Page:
When we are deprived of social connection we automatically start running the “I might get eaten by a predator program.”  So, if you were ever that child alone on the playground, now you know why it feels so horrible to be left excluded and how this basic human need evolved. 

Having Intimate Connections (and Wider Social Connections)

Everyone needs a close friend or partner that knows the unfiltered version of you AND accepts you that way. That would be a (non-sexual) example of intimacy, but you can also use your imagination to picture examples of human sexual intimacy.

Wider social connections are found in many communities. One of our most enriching examples would be MMHA Engage community. People from around the world come together with inspired curiosity, a wealth of resources, and a sense of honor in supporting each other through the adventures of life.

Covid restrictions have made it a bit more challenging to meet this need. But don’t forget - online communities are a great option. Even if you have never done it before, you could give it a go. 

If you think this human need isn’t being met for you, just go to a facebook group and start reading posts with the goal of commenting on at least seven posts. Pretend these people are your very best and dearest friends.

Trust me, they won’t find it strange, and they will appreciate you for making a connection. You, and the recipient of your comment, will both benefit. That creates at least two smiles and helps achieve mental wellness. 


We need to know that we have a purpose. We need our purpose to be valued and respected by others. A great example of status would be a school where the cleaner is a full member of the community. The students would say “hi” to them in the hallway and the administration would seek out their opinion in creating new policies that influence school cleanliness. 

The opposite would be a school where students walk right past the custodian, leaving trash everywhere without a thought. The administrators may not even know  (or be able to pronounce) the custodian’s name.  Ouch!  That doesn’t feel good for the custodian.

Which one of these examples seems more familiar and common?  Next time you are in a community and see this behavior in practice, will you act to change it?  Will you realize the power you now have grounded in the knowledge that there is an overlooked human need that could be met if you spoke up?  Do you take responsibility in building a healthier society?  Will you be more tempted to speak up knowing that Ivan Tyrrell says, “You can treat anxiety and depression with status"?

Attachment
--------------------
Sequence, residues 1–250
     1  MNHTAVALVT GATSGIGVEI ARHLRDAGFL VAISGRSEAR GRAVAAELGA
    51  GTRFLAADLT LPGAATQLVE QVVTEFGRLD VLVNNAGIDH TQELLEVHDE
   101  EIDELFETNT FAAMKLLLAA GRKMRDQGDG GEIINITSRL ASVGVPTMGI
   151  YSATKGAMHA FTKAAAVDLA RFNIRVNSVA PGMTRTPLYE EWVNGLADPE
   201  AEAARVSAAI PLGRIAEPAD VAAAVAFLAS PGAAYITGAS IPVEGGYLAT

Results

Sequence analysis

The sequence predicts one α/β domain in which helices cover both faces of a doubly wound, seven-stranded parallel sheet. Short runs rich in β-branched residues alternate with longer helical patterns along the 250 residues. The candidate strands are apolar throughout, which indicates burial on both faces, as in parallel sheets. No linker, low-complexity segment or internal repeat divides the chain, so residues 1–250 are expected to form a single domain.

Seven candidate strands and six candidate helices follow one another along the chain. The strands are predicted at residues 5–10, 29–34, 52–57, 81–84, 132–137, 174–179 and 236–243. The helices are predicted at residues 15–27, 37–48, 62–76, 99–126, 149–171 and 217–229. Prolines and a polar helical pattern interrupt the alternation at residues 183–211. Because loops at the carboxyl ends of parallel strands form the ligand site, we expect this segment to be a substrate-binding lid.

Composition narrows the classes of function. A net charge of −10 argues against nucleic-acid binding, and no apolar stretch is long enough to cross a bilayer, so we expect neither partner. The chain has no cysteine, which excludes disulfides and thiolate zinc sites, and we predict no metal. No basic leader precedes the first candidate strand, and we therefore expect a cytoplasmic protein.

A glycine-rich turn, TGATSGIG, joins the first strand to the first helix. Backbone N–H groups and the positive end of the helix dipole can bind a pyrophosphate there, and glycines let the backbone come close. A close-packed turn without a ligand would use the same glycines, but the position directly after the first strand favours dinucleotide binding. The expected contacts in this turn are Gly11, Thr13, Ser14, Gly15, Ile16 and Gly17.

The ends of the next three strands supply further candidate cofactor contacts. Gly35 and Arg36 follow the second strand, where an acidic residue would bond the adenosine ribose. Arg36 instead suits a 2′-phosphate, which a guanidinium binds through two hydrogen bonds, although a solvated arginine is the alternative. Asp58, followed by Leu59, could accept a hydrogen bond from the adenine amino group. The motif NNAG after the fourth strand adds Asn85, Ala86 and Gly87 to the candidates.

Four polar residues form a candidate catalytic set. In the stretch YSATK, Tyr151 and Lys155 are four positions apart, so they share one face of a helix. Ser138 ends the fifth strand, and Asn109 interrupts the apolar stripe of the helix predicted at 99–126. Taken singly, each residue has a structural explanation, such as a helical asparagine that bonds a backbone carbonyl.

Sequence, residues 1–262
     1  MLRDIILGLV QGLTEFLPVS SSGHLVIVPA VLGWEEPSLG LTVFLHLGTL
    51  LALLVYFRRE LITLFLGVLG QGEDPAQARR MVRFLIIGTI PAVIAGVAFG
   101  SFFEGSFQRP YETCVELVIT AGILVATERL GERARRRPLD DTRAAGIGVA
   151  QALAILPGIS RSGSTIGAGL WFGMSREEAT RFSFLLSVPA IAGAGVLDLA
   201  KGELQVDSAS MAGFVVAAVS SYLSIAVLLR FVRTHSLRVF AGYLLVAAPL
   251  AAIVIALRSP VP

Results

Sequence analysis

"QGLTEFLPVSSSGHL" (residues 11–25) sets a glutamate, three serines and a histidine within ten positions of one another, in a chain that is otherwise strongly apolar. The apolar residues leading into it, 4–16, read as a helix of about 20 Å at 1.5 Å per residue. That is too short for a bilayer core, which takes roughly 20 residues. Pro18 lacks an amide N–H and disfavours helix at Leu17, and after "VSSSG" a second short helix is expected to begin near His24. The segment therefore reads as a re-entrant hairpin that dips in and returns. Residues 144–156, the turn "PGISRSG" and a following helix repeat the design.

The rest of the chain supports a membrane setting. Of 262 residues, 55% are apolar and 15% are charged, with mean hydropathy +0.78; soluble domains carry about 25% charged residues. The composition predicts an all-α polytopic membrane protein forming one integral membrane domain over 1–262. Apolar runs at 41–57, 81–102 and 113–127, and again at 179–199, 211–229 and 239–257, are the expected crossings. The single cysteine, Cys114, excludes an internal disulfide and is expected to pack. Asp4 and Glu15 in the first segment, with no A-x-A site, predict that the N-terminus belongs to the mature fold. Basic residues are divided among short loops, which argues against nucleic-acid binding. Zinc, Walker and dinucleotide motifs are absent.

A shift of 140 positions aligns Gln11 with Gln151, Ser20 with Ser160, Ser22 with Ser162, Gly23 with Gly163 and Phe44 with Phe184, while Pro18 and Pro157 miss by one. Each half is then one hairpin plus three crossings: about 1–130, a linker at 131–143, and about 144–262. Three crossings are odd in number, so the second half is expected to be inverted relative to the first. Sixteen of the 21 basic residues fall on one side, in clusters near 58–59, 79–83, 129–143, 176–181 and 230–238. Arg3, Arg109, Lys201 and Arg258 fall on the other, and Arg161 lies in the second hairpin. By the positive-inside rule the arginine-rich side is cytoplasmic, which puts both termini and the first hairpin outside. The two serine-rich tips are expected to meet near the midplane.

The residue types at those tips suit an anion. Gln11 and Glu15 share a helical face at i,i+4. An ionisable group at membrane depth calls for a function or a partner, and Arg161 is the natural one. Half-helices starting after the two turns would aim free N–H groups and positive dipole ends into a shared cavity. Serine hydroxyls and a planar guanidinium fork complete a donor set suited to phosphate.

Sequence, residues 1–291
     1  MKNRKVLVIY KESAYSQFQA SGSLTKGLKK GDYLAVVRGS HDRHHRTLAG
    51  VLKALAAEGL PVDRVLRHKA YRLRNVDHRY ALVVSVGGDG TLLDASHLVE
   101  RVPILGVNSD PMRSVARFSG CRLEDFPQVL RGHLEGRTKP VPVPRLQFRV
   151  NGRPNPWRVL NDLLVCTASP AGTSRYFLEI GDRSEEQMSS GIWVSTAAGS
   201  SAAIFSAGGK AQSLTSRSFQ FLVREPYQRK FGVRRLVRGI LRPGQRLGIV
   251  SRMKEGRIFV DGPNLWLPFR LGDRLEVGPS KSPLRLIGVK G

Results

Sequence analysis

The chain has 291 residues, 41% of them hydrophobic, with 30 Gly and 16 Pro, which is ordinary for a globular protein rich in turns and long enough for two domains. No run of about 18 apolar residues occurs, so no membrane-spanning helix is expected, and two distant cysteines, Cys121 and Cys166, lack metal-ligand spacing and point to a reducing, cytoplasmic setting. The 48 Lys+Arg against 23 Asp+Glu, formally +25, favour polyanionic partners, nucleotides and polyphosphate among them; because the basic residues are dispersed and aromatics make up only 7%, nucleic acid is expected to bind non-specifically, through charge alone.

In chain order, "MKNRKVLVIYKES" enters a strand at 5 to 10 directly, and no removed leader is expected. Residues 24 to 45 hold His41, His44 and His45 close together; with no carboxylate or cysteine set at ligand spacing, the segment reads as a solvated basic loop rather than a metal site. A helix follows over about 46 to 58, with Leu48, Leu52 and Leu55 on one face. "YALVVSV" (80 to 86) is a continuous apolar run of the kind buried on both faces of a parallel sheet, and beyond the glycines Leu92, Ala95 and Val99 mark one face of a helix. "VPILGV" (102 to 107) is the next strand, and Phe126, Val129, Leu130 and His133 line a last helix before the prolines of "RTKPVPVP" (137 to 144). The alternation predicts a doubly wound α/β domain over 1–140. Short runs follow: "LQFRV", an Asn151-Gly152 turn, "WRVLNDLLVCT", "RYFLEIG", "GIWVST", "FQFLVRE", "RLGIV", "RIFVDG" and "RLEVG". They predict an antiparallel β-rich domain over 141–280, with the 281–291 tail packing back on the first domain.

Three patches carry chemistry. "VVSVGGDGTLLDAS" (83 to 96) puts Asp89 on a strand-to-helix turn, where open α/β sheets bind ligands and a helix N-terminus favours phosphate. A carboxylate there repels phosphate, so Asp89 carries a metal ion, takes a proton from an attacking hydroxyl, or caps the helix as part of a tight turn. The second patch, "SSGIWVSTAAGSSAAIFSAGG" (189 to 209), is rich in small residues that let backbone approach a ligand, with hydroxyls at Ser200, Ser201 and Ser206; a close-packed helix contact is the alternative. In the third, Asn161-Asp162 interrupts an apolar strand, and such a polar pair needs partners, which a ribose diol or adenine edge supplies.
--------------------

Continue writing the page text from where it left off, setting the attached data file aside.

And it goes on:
Giving and Receiving Attention

We all need to feel there is a reason to get up in the morning. Most people meet this need by raising a family, teaching, doing social work, caring for a pet, or through a business/organization that serves the community. 

Have you ever helped someone learn how to use their mind well?  Have you ever been the voice that is speaking up to enforce a community of decency and trust?  Have you ever been on the receiving end of a situation where you thought all was lost and a stranger stepped in to solve all of your problems? 

Have you ever listened with the sole purpose of understanding?  Have you ever given away a valuable resource without anticipating anything in return?  Have you ever spent all day cooking as a volunteer serving strangers meals in your community?  Have you ever been complimented in front of an audience?  All of these examples can be incredibly empowering.

We need (and enjoy) feeling connected to something larger than ourselves 

The Human Givens model provides a systematic assessment for determining which Human Givens innate need a person may be missing. 

This post only scratched the surface of the value that can be gained from understanding the practical application of this highly successful therapy. If you want to learn more, check out this book Mike recommends:  Human Givens : A New Approach to Emotional Health and Clear Thinking

And if you are looking to find a community where you will be valued and have plenty of opportunities to add value, get to know us on YouTube or by listening to our BrainSoftware Podcast. We can’t wait to get to know you!